The Wandering Song, Tia Chuca Press

The Wandering Song: Central American Writing in the United States, Tia Chucha Press, 2017 (Northwestern University Press distributor) Prelude by Leticia Hernández-Linares LA MISIóN, SAN FRANCISCO November 28, 2016 HOME WAS BEHIND US, always somewhere else. Born into 1970s Los Angeles, a few months after my parents arrived in the United States, I experienced El Salvador as a distant place we referred to as “back home.” Civil war disappeared the pos- sibility of return, and yet, my parents’ country transplanted itself within the walls of this other home, colored our beans, determined our verb conjugations and our difference. “Back home” shadowed our lives here; my parents READ MORE

Luis at Tia Chucha Books

The Wandering Song: Central American Writing in the United States is a multi-genre collection of poems, short stories, essays, memoir, novel excerpts, and creative nonfiction. The book showcases writers who render a multiplicity of experiences as refugees from the wars of the 1980s to those who barely remember the homeland, or who were born in el norte. READ MORE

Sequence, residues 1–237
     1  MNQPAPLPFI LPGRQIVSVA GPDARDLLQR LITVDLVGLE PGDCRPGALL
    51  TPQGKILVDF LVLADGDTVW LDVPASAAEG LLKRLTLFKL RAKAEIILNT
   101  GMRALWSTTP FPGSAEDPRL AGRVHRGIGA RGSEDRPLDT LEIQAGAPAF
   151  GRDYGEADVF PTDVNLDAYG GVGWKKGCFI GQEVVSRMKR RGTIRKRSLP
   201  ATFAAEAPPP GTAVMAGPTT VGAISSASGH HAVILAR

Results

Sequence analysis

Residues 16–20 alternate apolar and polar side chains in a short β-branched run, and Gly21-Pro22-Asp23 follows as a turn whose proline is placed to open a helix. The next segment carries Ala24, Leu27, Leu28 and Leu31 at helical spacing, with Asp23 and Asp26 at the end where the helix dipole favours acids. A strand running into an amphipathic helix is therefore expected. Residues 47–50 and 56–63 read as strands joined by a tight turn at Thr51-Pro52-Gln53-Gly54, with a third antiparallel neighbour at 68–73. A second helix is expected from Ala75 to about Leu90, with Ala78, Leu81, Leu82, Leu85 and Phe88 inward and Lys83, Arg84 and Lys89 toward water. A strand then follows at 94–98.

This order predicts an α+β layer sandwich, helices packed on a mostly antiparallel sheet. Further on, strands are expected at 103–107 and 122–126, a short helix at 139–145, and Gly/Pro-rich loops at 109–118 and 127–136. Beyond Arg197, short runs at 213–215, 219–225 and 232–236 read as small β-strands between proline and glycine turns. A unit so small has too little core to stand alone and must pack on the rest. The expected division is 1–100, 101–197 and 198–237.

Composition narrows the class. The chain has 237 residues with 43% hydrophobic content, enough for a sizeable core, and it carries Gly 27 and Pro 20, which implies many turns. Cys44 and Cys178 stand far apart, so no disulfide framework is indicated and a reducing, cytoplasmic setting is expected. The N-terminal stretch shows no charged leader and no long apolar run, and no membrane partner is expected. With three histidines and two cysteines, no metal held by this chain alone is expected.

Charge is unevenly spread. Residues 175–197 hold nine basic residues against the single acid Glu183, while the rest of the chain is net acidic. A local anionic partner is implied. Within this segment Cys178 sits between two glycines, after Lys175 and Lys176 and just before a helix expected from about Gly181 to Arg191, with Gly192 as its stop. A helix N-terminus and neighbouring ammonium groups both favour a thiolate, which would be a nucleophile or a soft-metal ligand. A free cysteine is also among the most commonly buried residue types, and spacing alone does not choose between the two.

Borrowed Bones by Luis Rodriguez

People’s Sonnet #1 by Luis Rodriguez A shadow hangs where my country should glow. Despite glories shaped as skyscrapers or sound. More wars, more prisons, less safe, still low. Massive cities teeter on shifting ground. Glittering lights, music tracks hide the craven. TV, movies, books so we can forget. Countless worn out, debt-laden and slaving; Their soul-derived destinies unmet. Give me NASCAR, lowriders, Hip Hop, the Blues. Give me Crooklyn, cowboys, cool jazz, cholos. Give me libraries, gardens of the muse. Give me songs over sidewalks, mad solos. Big America improperly sized. Give me your true value, realized. Excerpt from Borrowed Bones (Northwestern University Press, READ MORE

Photo by Arlene Mejorado

Leaving his past behind, Rodriguez, with the help of a mentor, recognized his deep hunger for something new and powerful to replace the emptiness and suicide road he was on, “with enough righteous anger, not rage, but anger with eyes, with direction—remember rage is blind—against whatever was keeping me from making a way in this world, be it personal, familial, or social.” READ MORE